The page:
by Bill O’Grady | PDF
(NB: Due to the Thanksgiving holiday, the next report will be published on December 6.)
During the 1970s, the world economy suffered through two oil shocks. The first, in 1973, was caused by the Yom Kippur War. The U.S. supported Israel, and the Arab states retaliated with an oil embargo. In 1979-80, the Iranian Revolution and the Iran-Iraq War disrupted oil flows from the Middle East, leading to another oil spike. Due to these events, the OECD, through the auspices of the International Energy Agency (IEA), created a member Strategic Petroleum Reserve (SPR) system. This system was designed to be an emergency backup supply of oil and oil products that could be shared to prevent panic buying of oil and to ensure that the economic damage that was suffered due to the 1973 and 1979 oil shocks would never be repeated.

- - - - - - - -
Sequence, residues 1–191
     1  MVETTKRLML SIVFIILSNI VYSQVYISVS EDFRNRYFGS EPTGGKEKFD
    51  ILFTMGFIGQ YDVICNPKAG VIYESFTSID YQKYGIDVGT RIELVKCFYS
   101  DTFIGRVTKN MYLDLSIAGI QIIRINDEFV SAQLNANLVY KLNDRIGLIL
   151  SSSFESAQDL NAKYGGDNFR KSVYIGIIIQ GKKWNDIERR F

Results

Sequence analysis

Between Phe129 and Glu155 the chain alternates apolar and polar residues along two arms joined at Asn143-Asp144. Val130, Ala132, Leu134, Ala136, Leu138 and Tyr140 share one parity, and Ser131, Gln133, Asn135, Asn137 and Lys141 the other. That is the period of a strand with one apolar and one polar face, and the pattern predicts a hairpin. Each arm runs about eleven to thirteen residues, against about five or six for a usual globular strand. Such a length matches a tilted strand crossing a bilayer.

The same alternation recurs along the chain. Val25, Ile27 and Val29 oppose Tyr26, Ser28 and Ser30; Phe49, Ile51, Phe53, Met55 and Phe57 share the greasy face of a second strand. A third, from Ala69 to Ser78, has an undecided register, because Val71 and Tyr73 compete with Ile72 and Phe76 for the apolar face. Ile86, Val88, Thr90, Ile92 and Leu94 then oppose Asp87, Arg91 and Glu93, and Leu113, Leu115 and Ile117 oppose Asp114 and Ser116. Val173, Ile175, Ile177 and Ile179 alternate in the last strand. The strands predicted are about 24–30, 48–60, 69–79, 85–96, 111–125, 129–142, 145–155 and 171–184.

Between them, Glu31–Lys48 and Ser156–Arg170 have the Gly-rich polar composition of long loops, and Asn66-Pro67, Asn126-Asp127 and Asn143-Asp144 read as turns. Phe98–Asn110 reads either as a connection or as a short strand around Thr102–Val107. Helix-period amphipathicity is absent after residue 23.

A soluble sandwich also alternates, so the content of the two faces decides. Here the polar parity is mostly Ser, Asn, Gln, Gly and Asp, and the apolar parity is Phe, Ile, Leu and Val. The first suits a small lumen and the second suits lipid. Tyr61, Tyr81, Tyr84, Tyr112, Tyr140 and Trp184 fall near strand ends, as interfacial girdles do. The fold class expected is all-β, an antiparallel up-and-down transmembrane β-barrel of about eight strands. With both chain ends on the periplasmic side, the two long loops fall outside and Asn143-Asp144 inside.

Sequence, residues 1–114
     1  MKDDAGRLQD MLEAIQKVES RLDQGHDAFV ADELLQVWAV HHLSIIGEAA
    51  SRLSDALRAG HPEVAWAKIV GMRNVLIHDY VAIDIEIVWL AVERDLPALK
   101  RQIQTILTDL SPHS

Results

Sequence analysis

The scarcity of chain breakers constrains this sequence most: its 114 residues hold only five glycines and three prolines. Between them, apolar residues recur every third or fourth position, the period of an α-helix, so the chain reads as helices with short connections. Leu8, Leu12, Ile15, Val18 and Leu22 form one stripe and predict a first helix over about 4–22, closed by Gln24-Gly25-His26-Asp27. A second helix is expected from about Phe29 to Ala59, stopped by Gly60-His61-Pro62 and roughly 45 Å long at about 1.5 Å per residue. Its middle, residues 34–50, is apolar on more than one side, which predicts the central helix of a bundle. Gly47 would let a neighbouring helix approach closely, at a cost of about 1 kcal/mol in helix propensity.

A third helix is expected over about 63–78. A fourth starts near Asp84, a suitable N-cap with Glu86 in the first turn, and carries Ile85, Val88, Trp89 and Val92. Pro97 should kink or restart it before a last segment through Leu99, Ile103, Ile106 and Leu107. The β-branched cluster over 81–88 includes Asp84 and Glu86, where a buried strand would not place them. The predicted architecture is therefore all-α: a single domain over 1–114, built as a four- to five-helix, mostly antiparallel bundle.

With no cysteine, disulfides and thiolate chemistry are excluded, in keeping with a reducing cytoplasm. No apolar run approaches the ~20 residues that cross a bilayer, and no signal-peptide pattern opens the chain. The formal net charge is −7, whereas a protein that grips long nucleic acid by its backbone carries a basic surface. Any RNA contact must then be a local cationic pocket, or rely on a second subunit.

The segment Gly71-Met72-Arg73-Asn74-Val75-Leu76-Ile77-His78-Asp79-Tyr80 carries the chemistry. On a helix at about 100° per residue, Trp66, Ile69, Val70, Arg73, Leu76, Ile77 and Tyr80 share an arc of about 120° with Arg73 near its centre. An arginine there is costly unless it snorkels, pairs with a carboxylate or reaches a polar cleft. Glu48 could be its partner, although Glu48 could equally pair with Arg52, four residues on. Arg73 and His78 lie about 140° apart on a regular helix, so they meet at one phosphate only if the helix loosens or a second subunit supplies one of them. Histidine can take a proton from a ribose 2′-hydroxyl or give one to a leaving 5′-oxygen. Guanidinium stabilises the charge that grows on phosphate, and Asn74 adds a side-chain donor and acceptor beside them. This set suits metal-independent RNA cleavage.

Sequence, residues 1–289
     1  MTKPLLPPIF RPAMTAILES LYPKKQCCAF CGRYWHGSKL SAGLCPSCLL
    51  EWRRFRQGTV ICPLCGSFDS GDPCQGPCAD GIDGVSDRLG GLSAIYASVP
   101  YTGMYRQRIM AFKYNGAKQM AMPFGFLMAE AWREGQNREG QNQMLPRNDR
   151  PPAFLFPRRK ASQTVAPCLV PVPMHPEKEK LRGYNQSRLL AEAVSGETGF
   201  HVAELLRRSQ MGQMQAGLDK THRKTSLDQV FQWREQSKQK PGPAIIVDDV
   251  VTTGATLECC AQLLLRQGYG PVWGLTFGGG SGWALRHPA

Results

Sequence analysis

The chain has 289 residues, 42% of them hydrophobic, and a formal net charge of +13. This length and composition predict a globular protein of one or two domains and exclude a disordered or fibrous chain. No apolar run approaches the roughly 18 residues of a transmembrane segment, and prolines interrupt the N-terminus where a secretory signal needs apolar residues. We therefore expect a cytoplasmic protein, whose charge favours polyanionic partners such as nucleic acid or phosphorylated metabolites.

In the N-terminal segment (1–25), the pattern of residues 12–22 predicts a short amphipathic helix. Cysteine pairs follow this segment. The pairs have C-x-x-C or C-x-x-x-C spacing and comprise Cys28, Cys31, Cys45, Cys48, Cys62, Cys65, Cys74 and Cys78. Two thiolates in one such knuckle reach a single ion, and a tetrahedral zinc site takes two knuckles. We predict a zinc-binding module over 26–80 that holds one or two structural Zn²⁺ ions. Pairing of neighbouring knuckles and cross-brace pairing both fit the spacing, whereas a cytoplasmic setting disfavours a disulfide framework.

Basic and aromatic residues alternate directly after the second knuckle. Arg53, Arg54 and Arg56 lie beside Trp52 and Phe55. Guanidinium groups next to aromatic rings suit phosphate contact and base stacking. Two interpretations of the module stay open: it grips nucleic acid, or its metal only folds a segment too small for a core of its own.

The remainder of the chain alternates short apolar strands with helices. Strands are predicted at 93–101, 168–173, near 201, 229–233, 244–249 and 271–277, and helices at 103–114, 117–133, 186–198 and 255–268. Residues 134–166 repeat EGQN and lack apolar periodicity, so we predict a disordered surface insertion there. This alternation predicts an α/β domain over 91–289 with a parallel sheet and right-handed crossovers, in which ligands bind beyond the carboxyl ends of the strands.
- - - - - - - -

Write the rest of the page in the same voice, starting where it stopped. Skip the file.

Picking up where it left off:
However, as the world moves away from fossil fuels, these SPRs could be holding inventory that will no longer be needed. Simply put, governments that hold reserves could find themselves with worthless inventory. Merchants often find themselves in this situation; a seasonal item remains on the shelf when a season is winding down. A decision has to be made—cut the price to sell out the item before the season ends and lose margin or hold the good and hope that buying emerges to maintain margin. With the SPRs, governments may face the problem of what to do with this oil in the face of falling demand. The decisions that these governments make will affect oil prices, consumers, and producers in the coming years.
We will begin our analysis with a history of the SPRs, explaining how they work, who has them, and how much oil they contain. From there, we will discuss the difference between a buffer stock and a reserve. Next, we will examine the role of climate change policy on SPR management. How OPEC+ manages its production policy in light of SPR releases will follow. We will close with market ramifications.